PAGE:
Phase 4: Relapse

If cannabis use is resumed, symptoms of CHS can return, often heralding a return of the hyperemesis many weeks or months later.

Tips to avoid a relapse:

  • Reach out for Help. If you return to cannabis use and experience CHS symptoms, contact your healthcare provider before the condition becomes severe. They can help with getting your process back on track.

Cannabinoid Hyperemesis Syndrome Treatment Guidelines

Cannabinoid Hyperemesis Syndrome Treatment Guidelines

When recovering from cannabinoid hyperemesis syndrome, it's wise to avoid anything that could potentially exacerbate symptoms or slow recovery. Skip foods and beverages that irritate the stomach, such as alcohol, caffeine, and spicy foods. Also, avoid stressful situations as much as possible, as stress can sometimes worsen CHS symptoms.

It's important to note that each individual's recovery timeline can vary, and some may recover faster or slower than others. The key to recovery is the complete cessation of cannabis use and supportive care to manage symptoms.11 Recovery from CHS can be challenging but remembering these guidelines can make the process less arduous. Patience, self-care, and professional guidance can make a significant difference in regaining health and wellness.

Cannabinoid Hyperemesis Syndrome FAQ

Is there a permanent cure or is CHS a recurring condition? 

The only known permanent cure for Cannabinoid Hyperemesis Syndrome (CHS) is complete abstinence from cannabis. If cannabis use is resumed, CHS can recur.

Can you still smoke marijuana if you have Cannabinoid Hyperemesis Syndrome? 

No, continuing to use cannabis in any form can exacerbate the symptoms of CHS and delay recovery. The most effective treatment for CHS is to stop using cannabis.

Can you smoke CBD if you have CHS? 

While CBD is a non-psychoactive component of cannabis, it's still recommended to avoid all forms of cannabis, including CBD, if you have CHS.

Is CHS a genetic condition?

Some researchers believe there may be a genetic component in CHS development. The authors encouraged further genetic studies and research into CHS as a genetic disease unmasked by excessive THC exposure.

Are there methods for taking cannabis without worsening CHS?

Generally, no. To prevent worsening CHS symptoms, medical advice suggests complete cessation of all cannabis usage. 

Can CHS cause death?

If not adequately managed, CHS can lead to serious complications like dehydration, brain swelling, esophageal tears (Mallory Weiss tear) electrolyte imbalances, kidney failure, and in severe cases, death. However, these are preventable with proper treatment.

Do hot baths work to alleviate CHS?

Hot baths or showers may temporarily relieve symptoms, but they are not a long-term solution for CHS.12 

How can I prevent CHS? 

The most effective way to prevent CHS is to avoid chronic use of cannabis. 

Is acupuncture/acupressure really effective for treating CHS?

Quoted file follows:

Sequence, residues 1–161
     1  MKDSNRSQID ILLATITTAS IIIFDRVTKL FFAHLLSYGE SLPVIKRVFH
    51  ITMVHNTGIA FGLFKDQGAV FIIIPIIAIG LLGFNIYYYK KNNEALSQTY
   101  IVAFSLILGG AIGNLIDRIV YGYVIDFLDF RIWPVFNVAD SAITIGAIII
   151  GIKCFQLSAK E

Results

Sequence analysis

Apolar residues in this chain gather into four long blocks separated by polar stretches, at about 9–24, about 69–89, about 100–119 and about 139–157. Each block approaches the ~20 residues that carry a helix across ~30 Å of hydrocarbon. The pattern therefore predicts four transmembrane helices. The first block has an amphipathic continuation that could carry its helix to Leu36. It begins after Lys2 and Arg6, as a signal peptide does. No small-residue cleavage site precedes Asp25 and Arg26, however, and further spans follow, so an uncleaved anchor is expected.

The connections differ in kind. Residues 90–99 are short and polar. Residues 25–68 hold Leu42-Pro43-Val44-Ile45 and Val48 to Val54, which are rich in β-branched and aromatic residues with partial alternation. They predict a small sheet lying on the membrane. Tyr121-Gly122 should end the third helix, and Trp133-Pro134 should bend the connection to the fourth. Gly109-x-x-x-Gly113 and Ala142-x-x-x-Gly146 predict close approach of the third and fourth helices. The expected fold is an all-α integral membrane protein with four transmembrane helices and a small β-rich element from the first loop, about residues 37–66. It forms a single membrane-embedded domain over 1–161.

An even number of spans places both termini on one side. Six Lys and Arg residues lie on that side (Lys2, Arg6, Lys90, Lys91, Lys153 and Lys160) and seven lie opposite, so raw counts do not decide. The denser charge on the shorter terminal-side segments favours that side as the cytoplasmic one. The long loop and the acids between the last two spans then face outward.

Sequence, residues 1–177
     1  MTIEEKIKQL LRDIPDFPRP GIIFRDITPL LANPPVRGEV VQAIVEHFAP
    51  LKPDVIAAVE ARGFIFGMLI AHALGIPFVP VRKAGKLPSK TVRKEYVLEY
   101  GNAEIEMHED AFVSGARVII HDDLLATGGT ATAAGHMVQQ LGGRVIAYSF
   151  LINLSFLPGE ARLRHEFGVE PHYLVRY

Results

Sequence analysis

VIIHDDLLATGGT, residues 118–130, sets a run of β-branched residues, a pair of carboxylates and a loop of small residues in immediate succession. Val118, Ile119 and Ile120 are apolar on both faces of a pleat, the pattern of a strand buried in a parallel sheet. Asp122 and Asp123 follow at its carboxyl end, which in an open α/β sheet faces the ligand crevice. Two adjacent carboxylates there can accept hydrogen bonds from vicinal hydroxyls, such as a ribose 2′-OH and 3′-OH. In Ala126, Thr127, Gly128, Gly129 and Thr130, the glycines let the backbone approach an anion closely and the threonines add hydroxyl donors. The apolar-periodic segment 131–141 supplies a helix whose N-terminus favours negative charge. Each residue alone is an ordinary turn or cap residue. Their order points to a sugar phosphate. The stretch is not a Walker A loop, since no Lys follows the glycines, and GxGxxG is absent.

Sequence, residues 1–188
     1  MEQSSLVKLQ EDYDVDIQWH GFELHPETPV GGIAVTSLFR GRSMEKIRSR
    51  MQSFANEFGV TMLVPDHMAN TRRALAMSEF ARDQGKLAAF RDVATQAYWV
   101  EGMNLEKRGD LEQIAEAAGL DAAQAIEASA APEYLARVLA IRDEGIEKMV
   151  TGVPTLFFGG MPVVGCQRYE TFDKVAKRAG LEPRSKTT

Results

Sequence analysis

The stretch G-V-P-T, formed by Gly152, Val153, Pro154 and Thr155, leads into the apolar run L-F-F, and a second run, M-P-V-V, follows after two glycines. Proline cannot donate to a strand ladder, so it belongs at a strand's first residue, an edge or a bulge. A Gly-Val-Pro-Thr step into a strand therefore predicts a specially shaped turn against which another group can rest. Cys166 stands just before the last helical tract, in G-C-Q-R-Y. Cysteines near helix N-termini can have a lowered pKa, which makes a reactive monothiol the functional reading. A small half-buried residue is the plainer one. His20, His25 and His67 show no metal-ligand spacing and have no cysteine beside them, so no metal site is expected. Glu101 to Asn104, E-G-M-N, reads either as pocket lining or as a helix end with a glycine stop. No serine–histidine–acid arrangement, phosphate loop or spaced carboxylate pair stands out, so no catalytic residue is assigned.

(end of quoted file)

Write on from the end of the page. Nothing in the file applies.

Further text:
Acupuncture/acupressure has been used to treat nausea symptoms successfully. However, to date, there have been no specific studies for this alternative practice in the treatment of CHS.  


  1.  Senderovich H, Patel P, Jimenez Lopez B, Waicus S. A Systematic Review on Cannabis Hyperemesis Syndrome and Its Management Options. Medical Principles and Practice. 2021;31(1):29-38. doi:
  2.  Galli JA, Sawaya RA, Friedenberg FK. Cannabinoid hyperemesis syndrome. Current drug abuse reviews. 2011;4(4):241-249. doi:
  3.  Andrews CN, Rehak R, Woo M, et al. Cannabinoid hyperemesis syndrome in North America: evaluation of health burden and treatment prevalence. Aliment Pharmacol Ther. 2022;56(11-12):1532-1542. doi:10.1111/apt.17265
  4.  Galli JA, Sawaya RA, Friedenberg FK. Cannabinoid hyperemesis syndrome. Curr Drug Abuse Rev. 2011;4(4):241-249. doi:10.2174/1874473711104040241
  5.  Richards JR, Gordon BK, Danielson AR, Moulin AK. Pharmacologic Treatment of Cannabinoid Hyperemesis Syndrome: A Systematic Review. Pharmacotherapy: The Journal of Human Pharmacology and Drug Therapy. 2017;37(6):725-734. doi:
  6.  Stumpf JL, Williams LD. Management of Cannabinoid Hyperemesis Syndrome: Focus on Capsaicin. Journal of Pharmacy Practice. Published online July 2, 2020:089719002093428. doi:
  7.  Aziz A, Waheed T, Oladunjoye O, Oladunjoye A, Hanif M, Latif F. Topical Capsaicin for Treating Cannabinoid Hyperemesis Syndrome. Case Reports in Gastrointestinal Medicine. 2020;2020:8868385. doi:
  8.  Jones JL, Abernathy KE. Successful Treatment of Suspected Cannabinoid Hyperemesis Syndrome Using Haloperidol in the Outpatient Setting. Case Reports in Psychiatry. 2016;2016:1-3. doi:
  9.  DeVuono MV, Parker LA. Cannabinoid Hyperemesis Syndrome: A Review of Potential Mechanisms. Cannabis and Cannabinoid Research. Published online February 11, 2020. doi:
  10.  Allen JH. Cannabinoid hyperemesis: cyclical hyperemesis in association with chronic cannabis abuse. Gut. 2004;53(11):1566-1570. doi:
  11.  Lu MLRY, Agito MD. Cannabinoid hyperemesis syndrome: Marijuana is both antiemetic and proemetic. Cleveland Clinic Journal of Medicine. 2015;82(7):429-434. doi:
  12.  Simonetto DA, Oxentenko AS, Herman ML, Szostek JH. Cannabinoid Hyperemesis: A Case Series of 98 Patients. Mayo Clinic Proceedings. 2012;87(2):114-119. doi:

The information in this article and any included images or charts are for educational purposes only. This information is neither a substitute for, nor does it replace, professional legal advice or medical advice, diagnosis, or treatment. If you have any concerns or questions about laws, regulations, or your health, you should always consult with an attorney, physician or other licensed professional.

You might also like: